This is a cipher, an air sandwich. Mr. Obama here affords himself a placeholder for a priority to be named later. He knows that such impractical, centrally planned "energy revolutions" have been preached by candidates and op-ed writers for decades, only to be forgotten after inauguration day in favor of less rhetorical agendas.
Mr. Obama's knack for eliciting pleasing feelings of self-regard in his followers is certainly a political virtue. (That so many of John McCain's supporters must hold their noses is, in its way, the equal and opposite virtue.) More than that, the vagueness of Mr. Obama's governing philosophy is a natural fit for a party that has long been wedded to the strategy that you get where you're going (a bigger welfare state) by not saying where you're going.
Barack Wrote a Letter . . .
At the October 7 Presidential debate, John McCain said that Barack Obama had encouraged Fannie Mae and Freddie Mac to make risky loans, and that Mr. Obama was the second largest recipient of campaign cash from the government mortgage giants. Mr. Obama replied that he "never promoted Fannie Mae" and that "two years ago I said that we've got a subprime lending crisis that has to be dealt with." And that's not all. "I wrote to Secretary Paulson, I wrote to Federal Reserve Chairman Bernanke, and told them this is something we have to deal with, and nobody did anything about it," said the Illinois Senator.
There's more. Mr. Obama's March 2007 letter included a stirring call to "assess options" and boldly suggested that the two men "facilitate a serious conversation" about housing. He was even brave enough to suggest that "the relevant private sector entities and regulators" might be able to provide "targeted responses." Then in paragraph four, the Harvard-trained lawyer dropped his bombshell: a suggestion that various interest groups get together to "consider" best practices in mortgage lending.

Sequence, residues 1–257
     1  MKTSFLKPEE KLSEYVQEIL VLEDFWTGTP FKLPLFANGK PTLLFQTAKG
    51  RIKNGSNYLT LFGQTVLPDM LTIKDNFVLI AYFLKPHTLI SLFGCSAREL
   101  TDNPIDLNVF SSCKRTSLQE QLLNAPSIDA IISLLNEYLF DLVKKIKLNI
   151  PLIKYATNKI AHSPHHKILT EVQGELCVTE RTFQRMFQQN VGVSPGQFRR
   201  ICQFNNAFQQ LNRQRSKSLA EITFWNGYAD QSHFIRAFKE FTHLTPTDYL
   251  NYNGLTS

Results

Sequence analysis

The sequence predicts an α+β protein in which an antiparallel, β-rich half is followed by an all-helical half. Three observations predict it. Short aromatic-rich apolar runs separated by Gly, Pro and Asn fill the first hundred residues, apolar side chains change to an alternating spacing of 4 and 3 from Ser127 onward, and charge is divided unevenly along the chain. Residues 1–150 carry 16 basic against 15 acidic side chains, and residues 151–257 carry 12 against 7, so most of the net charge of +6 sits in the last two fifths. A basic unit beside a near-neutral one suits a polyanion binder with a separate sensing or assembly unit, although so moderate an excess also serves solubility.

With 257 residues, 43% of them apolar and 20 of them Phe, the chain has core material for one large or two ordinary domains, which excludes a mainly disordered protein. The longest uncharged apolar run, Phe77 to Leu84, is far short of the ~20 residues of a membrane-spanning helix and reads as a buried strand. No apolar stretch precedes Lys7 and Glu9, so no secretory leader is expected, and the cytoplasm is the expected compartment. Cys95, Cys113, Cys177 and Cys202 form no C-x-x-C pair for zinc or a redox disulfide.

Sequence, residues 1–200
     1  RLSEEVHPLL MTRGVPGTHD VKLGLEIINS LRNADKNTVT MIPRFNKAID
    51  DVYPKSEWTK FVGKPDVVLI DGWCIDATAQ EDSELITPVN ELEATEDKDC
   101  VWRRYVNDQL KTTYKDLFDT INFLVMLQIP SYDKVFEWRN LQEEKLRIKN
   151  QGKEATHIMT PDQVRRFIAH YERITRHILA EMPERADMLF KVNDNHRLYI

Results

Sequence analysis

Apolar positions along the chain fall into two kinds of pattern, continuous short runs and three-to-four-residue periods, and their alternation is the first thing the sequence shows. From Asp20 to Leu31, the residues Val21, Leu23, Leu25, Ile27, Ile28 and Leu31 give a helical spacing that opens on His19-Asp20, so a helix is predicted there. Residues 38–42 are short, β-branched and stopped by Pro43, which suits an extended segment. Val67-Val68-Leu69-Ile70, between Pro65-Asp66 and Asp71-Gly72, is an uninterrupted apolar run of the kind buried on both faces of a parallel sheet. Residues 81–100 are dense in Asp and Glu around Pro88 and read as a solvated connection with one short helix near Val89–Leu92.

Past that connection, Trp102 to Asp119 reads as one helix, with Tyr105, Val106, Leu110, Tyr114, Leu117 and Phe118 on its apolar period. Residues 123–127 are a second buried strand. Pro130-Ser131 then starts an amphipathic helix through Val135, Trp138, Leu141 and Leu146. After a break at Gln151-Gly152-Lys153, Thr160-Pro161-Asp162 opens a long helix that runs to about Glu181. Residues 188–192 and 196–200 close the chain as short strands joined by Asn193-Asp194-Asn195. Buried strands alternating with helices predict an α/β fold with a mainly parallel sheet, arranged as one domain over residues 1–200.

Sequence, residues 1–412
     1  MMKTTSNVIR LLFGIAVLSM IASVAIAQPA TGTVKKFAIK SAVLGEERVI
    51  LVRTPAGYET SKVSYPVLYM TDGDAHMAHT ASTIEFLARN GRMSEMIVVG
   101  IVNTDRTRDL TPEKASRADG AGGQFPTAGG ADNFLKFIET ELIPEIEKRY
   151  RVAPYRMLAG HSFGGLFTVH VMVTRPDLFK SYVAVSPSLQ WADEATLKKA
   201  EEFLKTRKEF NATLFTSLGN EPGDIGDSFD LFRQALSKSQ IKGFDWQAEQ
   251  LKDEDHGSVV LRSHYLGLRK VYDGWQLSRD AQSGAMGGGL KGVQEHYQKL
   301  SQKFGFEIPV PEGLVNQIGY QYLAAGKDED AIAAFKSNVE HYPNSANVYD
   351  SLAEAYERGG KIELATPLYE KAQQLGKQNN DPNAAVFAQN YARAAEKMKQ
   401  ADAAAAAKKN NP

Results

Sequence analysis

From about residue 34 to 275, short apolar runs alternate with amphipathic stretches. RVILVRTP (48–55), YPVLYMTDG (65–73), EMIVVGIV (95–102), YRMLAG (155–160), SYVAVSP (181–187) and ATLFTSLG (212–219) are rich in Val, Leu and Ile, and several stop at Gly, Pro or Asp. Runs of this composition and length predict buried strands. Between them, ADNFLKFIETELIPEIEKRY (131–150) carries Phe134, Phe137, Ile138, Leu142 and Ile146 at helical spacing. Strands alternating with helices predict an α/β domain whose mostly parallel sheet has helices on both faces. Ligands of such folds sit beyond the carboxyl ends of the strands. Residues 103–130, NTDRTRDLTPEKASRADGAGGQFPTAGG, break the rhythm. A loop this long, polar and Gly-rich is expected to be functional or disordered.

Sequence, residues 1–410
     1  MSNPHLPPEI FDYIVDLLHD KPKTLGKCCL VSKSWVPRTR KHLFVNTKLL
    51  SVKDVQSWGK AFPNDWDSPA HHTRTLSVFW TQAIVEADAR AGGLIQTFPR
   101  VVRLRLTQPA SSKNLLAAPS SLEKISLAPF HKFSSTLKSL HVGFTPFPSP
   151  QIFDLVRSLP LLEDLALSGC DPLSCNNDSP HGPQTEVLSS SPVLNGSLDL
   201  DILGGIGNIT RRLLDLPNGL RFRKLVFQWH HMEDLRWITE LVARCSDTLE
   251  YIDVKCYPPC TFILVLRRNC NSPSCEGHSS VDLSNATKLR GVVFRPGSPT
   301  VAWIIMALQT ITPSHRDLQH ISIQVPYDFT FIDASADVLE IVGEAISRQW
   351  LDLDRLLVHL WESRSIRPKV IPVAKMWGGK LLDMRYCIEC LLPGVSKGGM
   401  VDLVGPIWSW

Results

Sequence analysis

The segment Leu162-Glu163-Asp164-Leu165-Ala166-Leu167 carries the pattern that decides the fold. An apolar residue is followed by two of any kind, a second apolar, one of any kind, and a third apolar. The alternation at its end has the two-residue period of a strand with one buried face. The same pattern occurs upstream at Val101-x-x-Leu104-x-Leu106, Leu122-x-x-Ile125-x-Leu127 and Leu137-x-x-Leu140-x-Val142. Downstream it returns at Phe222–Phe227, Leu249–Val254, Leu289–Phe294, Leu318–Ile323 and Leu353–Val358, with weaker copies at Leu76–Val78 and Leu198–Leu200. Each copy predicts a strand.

Some may find it hard to believe that Mr. Obama had nothing to show for this herculean effort to shake up Washington. They may be shocked as well that such passionate language didn't move the Fed and Treasury to action. For our part, we note that nowhere in his letter did Mr. Obama suggest that the government should stop subsidizing loans to people who can't repay them.
This is the latest fad among Beltway liberals who spent years encouraging noneconomic mortgage loans. They now proudly announce that at critical moments they issued a press release, or wrote someone, suggesting that somebody do something. Since soured mortgage loans are a root cause of this panic, and since Democrats did so much to encourage mortgage lending, the most politically useful of these archived warnings are the ones blaming something other than housing.
For example, recent media reports have lauded the prescience of Edward Markey, the Massachusetts Democrat who has long called for increased regulation of financial derivatives. Not that this says much about derivatives. Mr. Markey has also called for increased regulation of the Internet, cable TV, telephones, prescription drugs, nuclear plants, natural gas facilities, oil drilling, air cargo containers, chlorine, carbon dioxide, accounting, advertising and amusement parks, among other things.
But derivatives are the irresistible story now, because they offer the opportunity to shift the blame from bad housing policy, and they suggest that a lack of financial regulation was the problem. While lauding Mr. Markey, the media also cast Brooksley Born, Bill Clinton's Chairman of the Commodity Futures Trading Commission, as the ultimate heroine in this drama. Like Horatio at the bridge, she tried to regulate the derivatives market over the objections of such dummies as Clinton Treasury Secretary Robert Rubin, SEC chief Arthur Levitt, and Federal Reserve Chairman Alan Greenspan.